Seems having good credit is not the requisite for acquiring loans anymore or is it? For Black business owners, having good credits do not warrant them getting a loan nor does have continuous annual profits.
According to St. Louis Public Radio, a new study from the U.S Federal Reserve shows that, banks deny Black business owners loans more than any other racial group.
Anyone in St Louis knows the “sauce man” aka Freddie Lee James Jr. who runs his business with his wife Deborah. Their business has been denied loans severally regardless of the fact they make $200,000 annually in profit, mogul.com reports.
“We have 750-760 credit score. … We pay all our debts. We don’t have no problems with that. But they were saying that the sauce business is not generating enough capital to their standards,” James Jr. said.
Racism and discrimination are the major reason black business owners are denied access to loans they very much qualify for, and it is that which aggravates the issue for blacks, according to Galen Gondolfi, a senior loan counsellor at non-profit Justine Petersen.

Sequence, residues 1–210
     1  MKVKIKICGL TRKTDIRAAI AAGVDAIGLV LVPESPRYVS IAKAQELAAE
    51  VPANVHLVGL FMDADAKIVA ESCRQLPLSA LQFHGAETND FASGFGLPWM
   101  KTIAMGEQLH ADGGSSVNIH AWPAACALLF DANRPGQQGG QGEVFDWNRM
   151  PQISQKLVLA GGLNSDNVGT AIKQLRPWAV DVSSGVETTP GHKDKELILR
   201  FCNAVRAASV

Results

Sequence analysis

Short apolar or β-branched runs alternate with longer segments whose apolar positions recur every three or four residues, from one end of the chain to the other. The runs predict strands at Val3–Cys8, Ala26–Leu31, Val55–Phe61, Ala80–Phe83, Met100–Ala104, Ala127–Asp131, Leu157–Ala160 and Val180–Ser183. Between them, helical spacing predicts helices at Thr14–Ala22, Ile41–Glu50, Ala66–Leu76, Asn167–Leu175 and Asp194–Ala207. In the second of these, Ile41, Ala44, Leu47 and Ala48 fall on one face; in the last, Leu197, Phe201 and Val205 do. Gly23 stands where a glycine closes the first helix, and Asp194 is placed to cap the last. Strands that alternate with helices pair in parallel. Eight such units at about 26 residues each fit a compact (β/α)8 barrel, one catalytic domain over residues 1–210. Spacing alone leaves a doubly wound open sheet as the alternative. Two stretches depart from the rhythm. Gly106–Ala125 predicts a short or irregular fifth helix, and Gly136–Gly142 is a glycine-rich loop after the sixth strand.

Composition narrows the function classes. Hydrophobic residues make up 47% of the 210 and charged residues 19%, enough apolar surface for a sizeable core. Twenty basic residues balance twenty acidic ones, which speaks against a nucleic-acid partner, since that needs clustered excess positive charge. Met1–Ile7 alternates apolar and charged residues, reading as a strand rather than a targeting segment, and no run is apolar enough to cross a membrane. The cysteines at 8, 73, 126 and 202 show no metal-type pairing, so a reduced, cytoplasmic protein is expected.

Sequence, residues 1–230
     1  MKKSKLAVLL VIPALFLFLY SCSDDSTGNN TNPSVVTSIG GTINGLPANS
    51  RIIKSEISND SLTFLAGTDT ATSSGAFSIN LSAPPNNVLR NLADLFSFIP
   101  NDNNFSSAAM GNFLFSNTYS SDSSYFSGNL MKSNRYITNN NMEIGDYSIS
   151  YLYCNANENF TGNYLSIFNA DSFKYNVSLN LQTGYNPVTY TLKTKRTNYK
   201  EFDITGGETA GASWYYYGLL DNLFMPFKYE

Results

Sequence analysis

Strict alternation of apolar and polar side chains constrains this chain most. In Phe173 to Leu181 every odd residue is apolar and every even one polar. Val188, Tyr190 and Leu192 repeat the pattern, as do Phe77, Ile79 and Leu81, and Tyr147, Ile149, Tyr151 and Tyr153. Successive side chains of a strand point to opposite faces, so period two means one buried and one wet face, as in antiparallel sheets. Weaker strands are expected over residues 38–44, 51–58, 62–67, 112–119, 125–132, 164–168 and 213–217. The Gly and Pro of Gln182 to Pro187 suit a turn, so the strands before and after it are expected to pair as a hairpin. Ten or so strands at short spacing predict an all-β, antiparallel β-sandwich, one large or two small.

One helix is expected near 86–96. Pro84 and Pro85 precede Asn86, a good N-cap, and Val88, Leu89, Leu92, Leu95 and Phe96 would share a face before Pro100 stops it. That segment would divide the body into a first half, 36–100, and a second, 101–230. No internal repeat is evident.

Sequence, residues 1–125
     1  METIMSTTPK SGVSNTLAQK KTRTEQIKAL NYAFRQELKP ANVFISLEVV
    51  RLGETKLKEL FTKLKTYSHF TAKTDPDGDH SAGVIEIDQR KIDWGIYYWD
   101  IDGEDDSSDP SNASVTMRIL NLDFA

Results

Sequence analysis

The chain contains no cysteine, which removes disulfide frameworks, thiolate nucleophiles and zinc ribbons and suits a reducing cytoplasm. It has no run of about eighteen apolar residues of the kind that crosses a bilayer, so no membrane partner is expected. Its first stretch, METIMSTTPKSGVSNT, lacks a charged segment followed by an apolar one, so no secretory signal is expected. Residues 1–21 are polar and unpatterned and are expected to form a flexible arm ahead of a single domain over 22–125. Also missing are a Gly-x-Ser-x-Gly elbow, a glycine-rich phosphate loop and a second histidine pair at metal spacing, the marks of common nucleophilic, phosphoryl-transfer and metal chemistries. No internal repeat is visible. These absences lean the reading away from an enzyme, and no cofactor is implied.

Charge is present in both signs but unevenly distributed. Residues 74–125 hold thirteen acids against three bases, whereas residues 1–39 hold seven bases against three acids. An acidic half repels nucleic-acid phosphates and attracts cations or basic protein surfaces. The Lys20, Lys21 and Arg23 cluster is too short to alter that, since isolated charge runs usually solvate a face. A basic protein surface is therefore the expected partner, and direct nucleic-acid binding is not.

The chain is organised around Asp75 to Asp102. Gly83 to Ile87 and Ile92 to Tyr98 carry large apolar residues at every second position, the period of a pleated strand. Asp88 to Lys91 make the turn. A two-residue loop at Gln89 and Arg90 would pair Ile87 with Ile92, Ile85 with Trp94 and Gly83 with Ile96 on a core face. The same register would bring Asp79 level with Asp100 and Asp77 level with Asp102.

Gondolfi’s outfit seeks to help small businesses access safe, affordable homes and build up their credit.
“Let’s say, hypothetically, there’s no discrimination in the banking industry, we would still probably have disparate outcomes because the system itself hasn’t prepared us to utilize the banking system effectively,” said Gines, who is black.
“Then, when you layer on the levels of discrimination that research has showed … when you combine those two, that’s why you see these kinds of disparate outcomes.”
Also, black-owned businesses are twice as likely to be denied loans as their white counterparts, the statistics reveal.
Most of these black-owned business owners like “the sauce man” James still get turned down at very disturbing rates. Their cases have been taken on by non-profits like Justine Petersen and The Center for Acceleration of African American Business, who are working behind the scenes to help change that.
“I tell them failing to plan is like planning to fail,” said Eddie G. Davis, the center’s president and executive director.
“It’s like driving blind. … We work with them to develop their business plan, develop, for example, their target market and identify who their customers will be.”